Jim Hall & Joey Baron: Conversations (2010)

By Published: | 7,927 views
How we rate: our writers tend to review music they like within their preferred genres.

Jim Hall & Joey Baron: Conversations
The art of the duo is nothing new to guitar legend Jim Hall. His one-on-one encounters with bassist Ron Carter
Ron Carter
Ron Carter
b.1937
bass
have been wowing jazz fans for decades. More recent mano a mano musical encounters with equally sublime artists, like pianist Geoffrey Keezer
Geoffrey Keezer
Geoffrey Keezer
b.1970
keyboard
, and guitarist Bill Frisell
Bill Frisell
Bill Frisell
b.1951
guitar
, have produced works that challenge but, ultimately, remain largely listenable. Conversations—Hall's studio encounter with drummer Joey Baron—ultimately, falls into the same general category. The fifteen tracks here are an odd, yet endearing, mishmash of musical material.

The album opens with a sensational, and woefully short, take on "Bag's Groove." A deep, irrepressible rhythmic core is present and suggest what Jim Hall might sound like in a jam band setting. While both men could have churned out a whole album of material in this vein, the discussions get deeper and the groove is cast aside for a while. "Reinhardt" doesn't have any genuine gypsy leanings and the music is free, but rhythmically centered. Splashes of sound—as opposed to paint—are everywhere during "Pollock" and both men remain confident with their clatter. Hall alternates between brittle, auto-harp allusions and Frisell-ian lines at the outset of the title track. Baron's melodic cymbal sounds and toms end up coalescing into a groove-making entity that evolves through the remainder of the song.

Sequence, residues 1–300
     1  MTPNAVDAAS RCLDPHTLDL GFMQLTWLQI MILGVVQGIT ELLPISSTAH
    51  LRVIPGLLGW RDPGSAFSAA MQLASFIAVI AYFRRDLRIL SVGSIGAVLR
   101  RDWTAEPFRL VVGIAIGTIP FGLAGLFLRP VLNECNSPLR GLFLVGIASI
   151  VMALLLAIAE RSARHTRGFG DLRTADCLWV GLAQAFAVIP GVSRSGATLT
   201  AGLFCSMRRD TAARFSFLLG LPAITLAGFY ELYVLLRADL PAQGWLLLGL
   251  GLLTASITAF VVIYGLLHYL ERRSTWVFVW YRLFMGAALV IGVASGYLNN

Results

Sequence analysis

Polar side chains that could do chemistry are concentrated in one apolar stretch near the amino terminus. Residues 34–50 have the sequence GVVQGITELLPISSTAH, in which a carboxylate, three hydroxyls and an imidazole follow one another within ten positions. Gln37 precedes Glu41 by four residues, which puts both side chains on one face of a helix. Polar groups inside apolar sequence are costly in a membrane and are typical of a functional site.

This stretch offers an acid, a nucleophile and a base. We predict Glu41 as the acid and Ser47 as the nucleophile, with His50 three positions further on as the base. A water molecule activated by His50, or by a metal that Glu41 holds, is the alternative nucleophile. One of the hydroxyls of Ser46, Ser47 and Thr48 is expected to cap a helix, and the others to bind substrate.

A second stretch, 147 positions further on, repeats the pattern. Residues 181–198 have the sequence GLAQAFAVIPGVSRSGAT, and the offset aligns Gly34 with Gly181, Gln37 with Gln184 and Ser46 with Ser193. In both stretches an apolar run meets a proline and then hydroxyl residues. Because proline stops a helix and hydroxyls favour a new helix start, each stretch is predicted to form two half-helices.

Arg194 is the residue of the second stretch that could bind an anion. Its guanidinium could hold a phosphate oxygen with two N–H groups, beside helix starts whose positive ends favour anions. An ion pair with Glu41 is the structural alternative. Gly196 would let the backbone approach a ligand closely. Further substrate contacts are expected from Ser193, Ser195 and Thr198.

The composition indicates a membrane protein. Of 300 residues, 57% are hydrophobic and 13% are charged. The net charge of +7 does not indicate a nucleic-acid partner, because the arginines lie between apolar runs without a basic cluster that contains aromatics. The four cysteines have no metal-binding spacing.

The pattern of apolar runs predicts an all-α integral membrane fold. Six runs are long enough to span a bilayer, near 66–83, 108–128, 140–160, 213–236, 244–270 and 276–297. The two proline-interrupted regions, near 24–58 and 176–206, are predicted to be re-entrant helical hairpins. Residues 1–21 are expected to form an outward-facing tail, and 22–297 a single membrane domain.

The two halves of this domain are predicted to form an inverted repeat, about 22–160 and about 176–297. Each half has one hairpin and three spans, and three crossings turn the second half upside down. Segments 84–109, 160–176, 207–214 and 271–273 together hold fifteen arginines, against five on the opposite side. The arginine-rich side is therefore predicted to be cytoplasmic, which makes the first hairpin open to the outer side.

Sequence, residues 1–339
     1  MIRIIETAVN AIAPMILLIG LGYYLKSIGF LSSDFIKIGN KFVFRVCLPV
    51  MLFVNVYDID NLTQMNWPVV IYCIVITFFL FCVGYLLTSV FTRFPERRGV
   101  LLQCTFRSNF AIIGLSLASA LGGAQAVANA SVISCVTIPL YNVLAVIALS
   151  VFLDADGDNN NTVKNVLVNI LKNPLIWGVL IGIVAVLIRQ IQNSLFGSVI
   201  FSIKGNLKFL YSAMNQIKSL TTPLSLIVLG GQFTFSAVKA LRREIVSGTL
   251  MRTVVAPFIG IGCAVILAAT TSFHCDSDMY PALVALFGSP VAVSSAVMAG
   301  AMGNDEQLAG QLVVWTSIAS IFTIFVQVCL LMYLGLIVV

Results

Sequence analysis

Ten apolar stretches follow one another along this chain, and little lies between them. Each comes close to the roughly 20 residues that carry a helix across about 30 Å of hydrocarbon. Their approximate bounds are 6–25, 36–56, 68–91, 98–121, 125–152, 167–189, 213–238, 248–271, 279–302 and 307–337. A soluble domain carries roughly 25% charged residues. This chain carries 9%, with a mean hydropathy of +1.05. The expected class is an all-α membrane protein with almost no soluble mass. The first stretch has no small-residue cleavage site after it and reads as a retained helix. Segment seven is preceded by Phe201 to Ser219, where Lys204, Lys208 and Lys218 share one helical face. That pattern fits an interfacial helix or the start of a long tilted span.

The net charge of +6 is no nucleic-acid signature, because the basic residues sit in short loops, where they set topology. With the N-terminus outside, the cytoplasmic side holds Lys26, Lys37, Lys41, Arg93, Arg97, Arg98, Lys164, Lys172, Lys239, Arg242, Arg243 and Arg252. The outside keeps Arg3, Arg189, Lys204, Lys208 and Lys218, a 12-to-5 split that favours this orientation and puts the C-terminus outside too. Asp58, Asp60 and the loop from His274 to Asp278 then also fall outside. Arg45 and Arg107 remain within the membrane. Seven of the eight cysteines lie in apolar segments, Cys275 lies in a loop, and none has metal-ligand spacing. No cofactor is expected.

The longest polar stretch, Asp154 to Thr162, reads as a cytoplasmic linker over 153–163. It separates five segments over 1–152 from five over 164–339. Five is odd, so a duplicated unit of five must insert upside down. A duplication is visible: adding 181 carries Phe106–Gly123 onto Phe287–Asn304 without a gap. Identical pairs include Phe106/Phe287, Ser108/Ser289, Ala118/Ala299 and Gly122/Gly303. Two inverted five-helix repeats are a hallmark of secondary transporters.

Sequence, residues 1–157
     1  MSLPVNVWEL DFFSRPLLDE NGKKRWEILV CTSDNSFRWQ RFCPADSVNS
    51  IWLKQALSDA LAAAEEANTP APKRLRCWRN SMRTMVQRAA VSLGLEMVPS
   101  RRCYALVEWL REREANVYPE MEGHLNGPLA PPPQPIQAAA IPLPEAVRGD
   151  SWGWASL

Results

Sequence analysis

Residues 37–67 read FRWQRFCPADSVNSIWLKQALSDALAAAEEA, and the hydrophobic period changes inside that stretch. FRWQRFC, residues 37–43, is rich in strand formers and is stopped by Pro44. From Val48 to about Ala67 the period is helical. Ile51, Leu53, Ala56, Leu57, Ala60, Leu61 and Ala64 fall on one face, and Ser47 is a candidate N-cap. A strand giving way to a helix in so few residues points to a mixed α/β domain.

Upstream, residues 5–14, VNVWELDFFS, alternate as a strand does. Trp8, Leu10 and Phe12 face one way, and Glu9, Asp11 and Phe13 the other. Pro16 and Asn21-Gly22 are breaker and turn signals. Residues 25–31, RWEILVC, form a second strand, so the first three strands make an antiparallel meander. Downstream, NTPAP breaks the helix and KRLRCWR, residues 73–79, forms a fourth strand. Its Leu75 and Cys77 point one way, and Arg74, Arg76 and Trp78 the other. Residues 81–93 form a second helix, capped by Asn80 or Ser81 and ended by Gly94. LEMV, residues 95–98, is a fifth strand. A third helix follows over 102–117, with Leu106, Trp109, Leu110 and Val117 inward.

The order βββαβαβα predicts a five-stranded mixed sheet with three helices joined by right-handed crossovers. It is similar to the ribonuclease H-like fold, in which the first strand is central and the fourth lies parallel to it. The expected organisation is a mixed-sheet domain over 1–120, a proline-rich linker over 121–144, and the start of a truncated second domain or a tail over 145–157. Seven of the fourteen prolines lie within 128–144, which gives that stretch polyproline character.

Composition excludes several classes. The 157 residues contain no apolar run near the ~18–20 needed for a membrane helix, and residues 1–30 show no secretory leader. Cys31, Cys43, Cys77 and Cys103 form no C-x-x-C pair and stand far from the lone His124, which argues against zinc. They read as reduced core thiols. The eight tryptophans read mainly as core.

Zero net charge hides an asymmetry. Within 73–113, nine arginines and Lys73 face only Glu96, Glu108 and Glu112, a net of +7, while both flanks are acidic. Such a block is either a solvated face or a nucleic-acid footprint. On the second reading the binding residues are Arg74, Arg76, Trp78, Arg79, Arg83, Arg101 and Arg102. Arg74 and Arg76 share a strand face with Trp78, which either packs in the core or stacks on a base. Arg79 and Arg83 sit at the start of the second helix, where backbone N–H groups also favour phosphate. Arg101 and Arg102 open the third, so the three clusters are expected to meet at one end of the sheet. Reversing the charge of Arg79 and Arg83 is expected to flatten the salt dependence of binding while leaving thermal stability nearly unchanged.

"Ballad Painting" is all about Hall's explorations over a wide open vista, but the real ballad painting comes later in the album, with Baron's "Pocketful Of Change." "What If" begins as a series of freely executed solo segments. Baron's inner Elvin Jones
Elvin Jones
Elvin Jones
1927 - 2004
drums
comes out during his first statement, but he tempers his tone after Hall has his way. Eventually, both men meet and a noisy ruckus ensues. Hall's alternations between gorgeously strummed chords and single notes is the focus of "In Repose," and Baron provides some dark cymbal hues beneath the guitarist's patient strumming on "Monet."

A steady, chugging drum presence and some countrified guitar come to the fore during the forty-seven second life span of "Uncle Ed," and this track signals the return of the groove. The exotica of "Safari" is bolstered by Baron's terrific tom work and his sixteenth note-based hi-hat work on "Travelogue" is central to that song's success. A short trek through "St. Thomas" features more of Baron's slapping, tapping and thwacking on toms, and a different side of this duo comes to light on the bonus track ("Time") that ends the album. "Time" begins in a sparse, tense zone, and it would be easy to imagine this music as an alternate soundtrack to a pre-gunfight scene in a Sergio Leone film. Ultimately, time takes over and a more ordered sense of rhythm and melody comes into play. Both Baron and Hall are restless explorers and musically sensitive painters. Conversations easily attests to these facts.

Track Listing: Bag's Groove: Reinhardt; Pollock; Conversations; Ballad Painting; What If?; In Repose; Uncle Ed; Safari; Monet; Travelogue; At Sea; St. Thomas; Pocketful Of Change; Time.

Personnel: Jim Hall: guitar; Joey Baron: drums.

Record Label: ArtistShare

Style: Modern Jazz


comments powered by Disqus
Sponsor: ECM Records | BUY NOW

Enter it twice.
To the weekly jazz events calendar

Enter the numbers in the graphic
Enter the code in this picture

Log in

One moment, you will be redirected shortly.

or search site with Google